Are you a descriptivist?

    Are you for descriptive grammar or prescriptive grammar? Which is your preference?

    If neither one is your preference, do you give equal weight to both points of view when speaking with students about usage issues such as the one you provided as an example?

    Do you ever tell students it's okay to use the descriptive model if they want to? I suppose it would depend on which particular usage issue one is speaking of. Everyone has their own preferences, don't they?
    Last edited by Steven D; 07-Sep-2005 at 12:48.

  6. #6
    Join Date
    Sep 2003
    Posts
    12,971
    Post Thanks / Like

    Default Re: Prescriptive grammar and Descriptive grammar

    Quote Originally Posted by X Mode
    Are you a descriptivist?
    Is that the only choice?

    Quote Originally Posted by X Mode
    Are you for descriptive grammar or prescriptive grammar? Which is your preference?
    Comparisons are odious; Both are useful.

    If neither one is your preference, do you give equal weight to both points of view when speaking with students about usage issues such as the one you provided as an example?
    Yes.

    Do you ever tell students it's okay to use the descriptive model if they want to?
    When it comes to structures that don't fit the prescriptivist model, which is usually the topic of most posts, what I try to do is empower students; I give them enough information in a form that's easily digestible, so they can make an informative decision/choice on their own. Knowledge is power.

    Everyone has their own preferences, don't they?
    Yes, they do. And if you're a language provider, preference tends to stem from educational philosophy.

    Why all the questions?

  7. #7
    Steven D's Avatar
    Steven D is offline Senior Member
    Join Date
    Sep 2004
    Posts
    834
    Post Thanks / Like

    Default Re: Prescriptive grammar and Descriptive grammar

    Quote:
    Originally Posted by X Mode
    Are you a descriptivist?

    Is that the only choice?
    Yes.


    And why all the questions?

    I'm curious what some people might mean when they call themselves descriptivists. I recall you once said you were in another post.

    I would, and I have, told students that there are certain prescriptive viewpoints that are just entirely out-to-lunch. Fortunately, these "disputed" areas of English usage don't necessarily need a lot of attention. There may or may not be practical value in giving such issues attention. It depends.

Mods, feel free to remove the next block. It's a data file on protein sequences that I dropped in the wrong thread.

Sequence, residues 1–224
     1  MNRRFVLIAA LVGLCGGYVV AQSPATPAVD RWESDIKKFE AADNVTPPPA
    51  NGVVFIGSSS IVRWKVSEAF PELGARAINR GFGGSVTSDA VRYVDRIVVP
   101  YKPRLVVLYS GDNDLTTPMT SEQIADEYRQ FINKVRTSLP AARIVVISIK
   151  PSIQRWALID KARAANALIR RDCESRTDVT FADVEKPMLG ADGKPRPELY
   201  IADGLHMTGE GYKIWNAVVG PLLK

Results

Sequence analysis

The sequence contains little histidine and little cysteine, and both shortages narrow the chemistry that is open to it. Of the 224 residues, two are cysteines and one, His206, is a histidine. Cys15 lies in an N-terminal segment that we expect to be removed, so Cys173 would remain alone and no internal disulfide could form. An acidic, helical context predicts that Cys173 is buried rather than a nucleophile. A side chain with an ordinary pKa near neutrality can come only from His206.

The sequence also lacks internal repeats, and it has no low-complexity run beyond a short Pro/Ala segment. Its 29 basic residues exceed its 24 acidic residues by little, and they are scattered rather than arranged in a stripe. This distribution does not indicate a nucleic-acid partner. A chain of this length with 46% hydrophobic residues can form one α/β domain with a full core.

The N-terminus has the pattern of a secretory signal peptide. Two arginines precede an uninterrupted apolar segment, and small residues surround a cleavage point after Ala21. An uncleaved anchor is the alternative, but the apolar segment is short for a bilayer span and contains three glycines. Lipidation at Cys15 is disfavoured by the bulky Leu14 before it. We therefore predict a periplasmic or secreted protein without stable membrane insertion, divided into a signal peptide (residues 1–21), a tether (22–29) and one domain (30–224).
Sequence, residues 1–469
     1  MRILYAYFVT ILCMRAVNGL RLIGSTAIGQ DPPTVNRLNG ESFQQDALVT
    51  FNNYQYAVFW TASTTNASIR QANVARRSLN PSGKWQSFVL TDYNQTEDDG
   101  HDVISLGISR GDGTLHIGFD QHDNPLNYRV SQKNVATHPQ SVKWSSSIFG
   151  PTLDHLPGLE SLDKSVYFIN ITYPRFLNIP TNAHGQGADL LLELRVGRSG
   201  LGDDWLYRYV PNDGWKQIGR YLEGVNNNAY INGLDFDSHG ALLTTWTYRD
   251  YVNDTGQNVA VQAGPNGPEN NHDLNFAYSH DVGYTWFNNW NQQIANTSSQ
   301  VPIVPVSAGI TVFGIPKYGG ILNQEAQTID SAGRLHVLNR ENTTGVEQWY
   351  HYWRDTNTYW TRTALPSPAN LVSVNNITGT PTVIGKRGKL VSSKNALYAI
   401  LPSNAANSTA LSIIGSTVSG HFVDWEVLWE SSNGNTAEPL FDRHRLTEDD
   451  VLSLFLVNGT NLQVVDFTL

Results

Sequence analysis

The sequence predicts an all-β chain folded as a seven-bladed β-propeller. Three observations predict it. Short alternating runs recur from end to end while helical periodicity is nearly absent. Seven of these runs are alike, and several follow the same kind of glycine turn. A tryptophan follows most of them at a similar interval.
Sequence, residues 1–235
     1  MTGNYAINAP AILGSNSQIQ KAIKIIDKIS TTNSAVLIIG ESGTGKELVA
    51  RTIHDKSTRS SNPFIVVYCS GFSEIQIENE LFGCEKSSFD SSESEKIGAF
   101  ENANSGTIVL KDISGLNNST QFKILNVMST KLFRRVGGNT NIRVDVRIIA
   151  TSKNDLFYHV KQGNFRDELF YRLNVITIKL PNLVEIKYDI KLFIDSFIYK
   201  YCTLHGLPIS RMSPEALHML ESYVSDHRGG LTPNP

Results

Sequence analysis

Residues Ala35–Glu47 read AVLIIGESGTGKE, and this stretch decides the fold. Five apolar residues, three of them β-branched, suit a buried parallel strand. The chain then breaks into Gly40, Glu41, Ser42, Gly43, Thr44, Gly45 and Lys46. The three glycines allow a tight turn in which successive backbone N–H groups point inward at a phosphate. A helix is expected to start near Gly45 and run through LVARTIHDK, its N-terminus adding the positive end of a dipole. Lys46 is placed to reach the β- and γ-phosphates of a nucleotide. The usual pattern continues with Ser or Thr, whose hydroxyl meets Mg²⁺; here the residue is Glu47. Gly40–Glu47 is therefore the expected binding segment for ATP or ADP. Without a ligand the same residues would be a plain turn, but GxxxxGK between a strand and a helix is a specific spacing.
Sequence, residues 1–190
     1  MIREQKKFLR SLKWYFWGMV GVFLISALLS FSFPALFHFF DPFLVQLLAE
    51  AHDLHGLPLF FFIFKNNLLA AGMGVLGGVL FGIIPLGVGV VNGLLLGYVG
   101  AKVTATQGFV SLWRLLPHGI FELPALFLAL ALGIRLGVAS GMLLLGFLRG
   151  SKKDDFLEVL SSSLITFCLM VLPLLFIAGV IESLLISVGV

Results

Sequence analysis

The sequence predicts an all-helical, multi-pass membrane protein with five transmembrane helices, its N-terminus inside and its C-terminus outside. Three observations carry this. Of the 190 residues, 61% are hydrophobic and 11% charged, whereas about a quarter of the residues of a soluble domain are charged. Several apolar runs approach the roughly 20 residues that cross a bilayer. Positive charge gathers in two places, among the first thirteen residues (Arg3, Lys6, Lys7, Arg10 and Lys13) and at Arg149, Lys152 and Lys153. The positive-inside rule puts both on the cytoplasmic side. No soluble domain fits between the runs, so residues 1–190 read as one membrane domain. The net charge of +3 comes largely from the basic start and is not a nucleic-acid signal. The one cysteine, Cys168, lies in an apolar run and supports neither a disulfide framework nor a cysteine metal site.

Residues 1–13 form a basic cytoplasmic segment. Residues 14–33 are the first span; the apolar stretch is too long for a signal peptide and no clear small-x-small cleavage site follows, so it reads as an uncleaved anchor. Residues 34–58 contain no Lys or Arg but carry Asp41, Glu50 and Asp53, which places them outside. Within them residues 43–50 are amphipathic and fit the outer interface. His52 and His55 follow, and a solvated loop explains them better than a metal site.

8. #8
    Join Date
    Sep 2003
    Posts
    12,971
    Post Thanks / Like

    Default Re: Prescriptive grammar and Descriptive grammar

    Quote Originally Posted by X Mode
    Yes. And why all the questions?
    I'm curious what some people might mean when they call themselves descriptivists. I recall you once said you were in another post.
    We can discuss that, sure, but not here. My preferences are not the topic of this thread. Why not send me an email or a private message?

    Quote Originally Posted by X Mode
    I would, and I have, told students that there are certain prescriptive viewpoints that are just entirely out-to-lunch. Fortunately, these "disputed" areas of English usage don't necessarily need a lot of attention. There may or may not be practical value in giving such issues attention. It depends.
    This sounds like a great topic, X Mode. I'd be interested in discussing that with you, especially getting a look-see at the 'disputed areas'. Why not, say, post it under General Language Discussion? I'm sure there are a great deal of readers out there who'd like to join in. At present, I'm not sure how they'd find it. It's buried in another topic.

Similar Threads

  1. Descriptive or Prescriptive grammar?
    By Tdol in forum Teaching English
    Replies: 18
    Last Post: 01-Mar-2010, 17:25
  2. descriptive grammar of english
    By Anonymous in forum Ask a Teacher
    Replies: 4
    Last Post: 13-Dec-2006, 00:52
  3. Descriptive Grammar
    By Bianca in forum Ask a Teacher
    Replies: 1
    Last Post: 15-Jan-2005, 03:37
  4. prescriptive vs descriptive
    By Anonymous in forum Ask a Teacher
    Replies: 1
    Last Post: 11-Oct-2004, 06:02
  5. Grammar
    By Anonymous in forum Ask a Teacher
    Replies: 2
    Last Post: 17-Apr-2004, 18:59

Posting Permissions

  • You may not post new threads
  • You may not post replies
  • You may not post attachments
  • You may not edit your posts
  •